US Justice Department drops case against former Trump adviser Michael Flynn

'No legitimate basis' for FBI investigation of retired general who admitted lying about Russia contacts

FILE PHOTO: Former U.S. national security adviser Michael Flynn passes by members of the media as he departs after his sentencing was delayed at U.S. District Court in Washington, U.S., December 18, 2018.  REUTERS/Joshua Roberts/File Photo
Powered by automated translation

The US Justice Department withdrew its case against former White House national security adviser Michael Flynn on Thursday in a reversal that handed President Donald Trump a major political victory.

The department said in a filing that Mr Flynn's December 2017 guilty plea for lying to the FBI in an interview over his Russia contacts was moot because the lies were insignificant.

It also said the FBI's original investigation of Mr Flynn – part of the sweeping counterintelligence investigation into Russian interference in the 2016 presidential election – had no "legitimate investigative basis."

The decision by close Trump ally Attorney General Bill Barr effectively reversed 18 months of work by the department and FBI under Mr Barr's predecessors.

It also added fuel to Mr Trump's allegation over the past three-plus years that the Russia investigation was a political "witch hunt".

"He was targeted by the Obama administration and he was targeted in order to try and take down a president, and what they've done is a disgrace," Mr Trump said on Thursday.

He took aim at the FBI and Justice Department officials behind the original investigation.

"I hope a lot of people are going to pay a big price, because they're dishonest crooked people. They're scum and I say it a lot. They're scum, they're human scum," he said.

The move came as Mr Flynn, the former Pentagon intelligence chief and a retired three-star general, was fighting possible imprisonment, and minutes after the case's lead prosecutor, Brandon Van Grack, withdrew in apparent disagreement with Mr Barr.

"Our duty we think, is to dismiss the case," Mr Barr told CBS News.

"A crime cannot be established here. They did not have a basis for the counterintelligence investigation against Flynn."

Current and former officials associated with the investigation voiced outrage and accused Mr Barr of doing Mr Trump's bidding.

"The evidence against General Flynn is overwhelming. He pleaded guilty to lying to investigators," said Jerry Nadler, the Democratic chairman of the House Judiciary Committee.

"And now a politicised and thoroughly corrupt Department of Justice is going to let the president's crony simply walk away."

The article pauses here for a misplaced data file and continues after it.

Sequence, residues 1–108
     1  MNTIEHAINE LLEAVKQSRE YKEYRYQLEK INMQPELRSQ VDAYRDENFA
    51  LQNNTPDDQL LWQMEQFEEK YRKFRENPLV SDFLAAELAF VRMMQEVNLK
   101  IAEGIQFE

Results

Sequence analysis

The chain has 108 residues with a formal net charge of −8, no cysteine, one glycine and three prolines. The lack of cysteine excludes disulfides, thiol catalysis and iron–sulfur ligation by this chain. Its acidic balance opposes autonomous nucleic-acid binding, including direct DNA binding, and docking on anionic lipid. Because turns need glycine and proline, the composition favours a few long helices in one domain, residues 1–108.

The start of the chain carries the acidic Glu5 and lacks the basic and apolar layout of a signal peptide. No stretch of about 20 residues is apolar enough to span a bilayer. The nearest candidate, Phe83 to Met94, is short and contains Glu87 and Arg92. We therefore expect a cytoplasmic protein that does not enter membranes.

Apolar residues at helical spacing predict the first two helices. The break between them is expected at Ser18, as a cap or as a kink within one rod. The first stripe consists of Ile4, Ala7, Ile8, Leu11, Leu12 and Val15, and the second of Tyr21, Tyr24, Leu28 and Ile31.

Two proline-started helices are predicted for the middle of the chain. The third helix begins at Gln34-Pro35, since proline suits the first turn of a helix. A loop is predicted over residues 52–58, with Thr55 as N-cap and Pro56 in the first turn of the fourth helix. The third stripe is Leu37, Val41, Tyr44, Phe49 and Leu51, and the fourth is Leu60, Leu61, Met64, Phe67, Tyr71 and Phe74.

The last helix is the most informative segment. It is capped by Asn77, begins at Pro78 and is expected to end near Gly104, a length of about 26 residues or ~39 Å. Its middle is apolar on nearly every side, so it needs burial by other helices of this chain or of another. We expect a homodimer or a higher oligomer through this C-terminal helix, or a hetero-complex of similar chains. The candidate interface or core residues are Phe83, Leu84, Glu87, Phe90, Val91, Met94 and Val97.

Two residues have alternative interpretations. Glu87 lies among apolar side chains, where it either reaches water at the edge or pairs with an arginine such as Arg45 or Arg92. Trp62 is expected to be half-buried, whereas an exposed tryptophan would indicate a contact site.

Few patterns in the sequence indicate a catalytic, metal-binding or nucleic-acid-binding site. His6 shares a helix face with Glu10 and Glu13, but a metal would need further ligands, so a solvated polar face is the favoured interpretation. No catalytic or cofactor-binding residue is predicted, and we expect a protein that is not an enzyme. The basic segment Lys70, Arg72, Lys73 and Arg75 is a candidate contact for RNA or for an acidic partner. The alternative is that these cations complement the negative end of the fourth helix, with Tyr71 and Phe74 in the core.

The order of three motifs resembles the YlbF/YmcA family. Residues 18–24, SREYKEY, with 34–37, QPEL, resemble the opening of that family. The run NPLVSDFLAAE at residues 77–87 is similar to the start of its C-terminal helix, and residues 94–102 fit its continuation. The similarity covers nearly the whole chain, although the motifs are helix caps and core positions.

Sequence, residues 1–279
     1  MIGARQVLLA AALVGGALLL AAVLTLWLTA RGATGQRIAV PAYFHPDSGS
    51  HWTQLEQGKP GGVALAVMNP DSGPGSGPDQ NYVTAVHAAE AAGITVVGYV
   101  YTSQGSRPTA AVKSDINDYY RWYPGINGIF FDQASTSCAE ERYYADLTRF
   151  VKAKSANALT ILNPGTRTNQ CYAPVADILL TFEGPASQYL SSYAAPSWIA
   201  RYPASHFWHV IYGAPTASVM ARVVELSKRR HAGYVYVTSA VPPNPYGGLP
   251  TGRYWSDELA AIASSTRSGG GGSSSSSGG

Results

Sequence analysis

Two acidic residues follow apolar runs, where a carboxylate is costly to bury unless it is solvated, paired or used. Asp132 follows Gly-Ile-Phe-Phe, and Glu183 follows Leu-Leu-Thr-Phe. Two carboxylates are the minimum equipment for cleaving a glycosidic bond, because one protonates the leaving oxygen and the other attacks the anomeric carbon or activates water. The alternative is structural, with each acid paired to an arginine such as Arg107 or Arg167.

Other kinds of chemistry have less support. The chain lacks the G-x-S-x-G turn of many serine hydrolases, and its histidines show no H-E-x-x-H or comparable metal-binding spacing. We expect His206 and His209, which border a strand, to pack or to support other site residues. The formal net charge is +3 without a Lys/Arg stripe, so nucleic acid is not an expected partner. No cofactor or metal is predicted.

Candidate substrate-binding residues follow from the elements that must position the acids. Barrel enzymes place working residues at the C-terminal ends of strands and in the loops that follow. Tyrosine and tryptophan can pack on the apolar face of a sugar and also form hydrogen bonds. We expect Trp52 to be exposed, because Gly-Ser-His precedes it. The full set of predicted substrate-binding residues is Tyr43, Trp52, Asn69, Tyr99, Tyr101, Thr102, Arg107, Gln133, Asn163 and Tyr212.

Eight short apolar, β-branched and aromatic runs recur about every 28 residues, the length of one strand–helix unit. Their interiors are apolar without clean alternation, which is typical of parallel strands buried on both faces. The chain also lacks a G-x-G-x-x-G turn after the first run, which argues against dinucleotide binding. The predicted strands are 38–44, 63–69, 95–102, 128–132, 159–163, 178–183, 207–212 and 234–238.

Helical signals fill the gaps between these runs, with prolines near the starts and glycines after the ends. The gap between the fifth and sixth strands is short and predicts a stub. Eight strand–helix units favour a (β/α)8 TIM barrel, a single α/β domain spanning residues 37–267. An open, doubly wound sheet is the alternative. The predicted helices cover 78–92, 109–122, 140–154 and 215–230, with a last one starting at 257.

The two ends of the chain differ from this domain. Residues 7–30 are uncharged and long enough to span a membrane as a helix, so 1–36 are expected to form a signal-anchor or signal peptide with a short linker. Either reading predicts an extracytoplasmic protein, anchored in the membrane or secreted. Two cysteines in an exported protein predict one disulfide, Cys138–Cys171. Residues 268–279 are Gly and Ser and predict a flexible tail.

Former FBI deputy director Andrew McCabe, who oversaw the Russia investigation, said Mr Barr's argument is "patently false, and ignores the considerable national security risk his contacts raised".

"Today's move by the Justice Department has nothing to do with the facts or the law – it is pure politics designed to please the president," he said.

The case against Mr Flynn was a cornerstone of the sprawling 22-month investigation by Special Counsel Robert Mueller into Moscow's meddling in the US election.

Mr Flynn drew attention for a number of contacts with Russia, including being paid tens of thousands of dollars the previous year to attend a banquet in Moscow for Russian media giant RT, where he sat next to President Vladimir Putin.

The probe ultimately focused on his secret talks in December 2016, before Mr Trump was inaugurated, with Russian envoy to Washington Sergey Kislyak.

In a number of phone calls wiretapped by FBI spy hunters, Mr Flynn allegedly sought to cut political deals with Moscow for the incoming administration, deals which undermined the positions of the government of then-president Barack Obama.

The Russia meddling investigation snowballed after Mr Trump fired FBI director James Comey in May 2017 for rejecting his overtures to drop the Flynn probe, drawing allegations of obstruction of justice.

The Justice Department then named Mr Mueller as a special prosecutor to pursue the investigation into numerous contacts between Mr Trump's campaign and the Russians, which fuelled suspicions of collusion.

That however further infuriated Mr Trump, who all but declared war on the department, the FBI and the intelligence community which supported the probe.

In December 2017 Mr Flynn pleaded guilty to one count of lying to investigators, in a deal in which he avoided other charges including illegally lobbying for Turkey.

But late last year, facing sentencing, he switched lawyers and moved to withdraw his plea.

Mr Trump meanwhile began speaking in his defence, calling the people who investigated Mr Flynn "dirty, filthy cops".

Mr Flynn was one of six people associated with the Trump campaign who were ultimately convicted or pleaded guilty in the Mueller investigation.

Mr Mueller also issued indictments against 25 Russian individuals and three Russian companies.

His final report in March 2019 offered evidence of improper collusion between the Trump campaign and the Russians, and detailed multiple instances of Mr Trump's alleged obstruction of the investigation.

But Mr Barr, who Mr Trump named attorney general in 2018 during the investigation, declared there was nothing in the report supporting legal action against the president.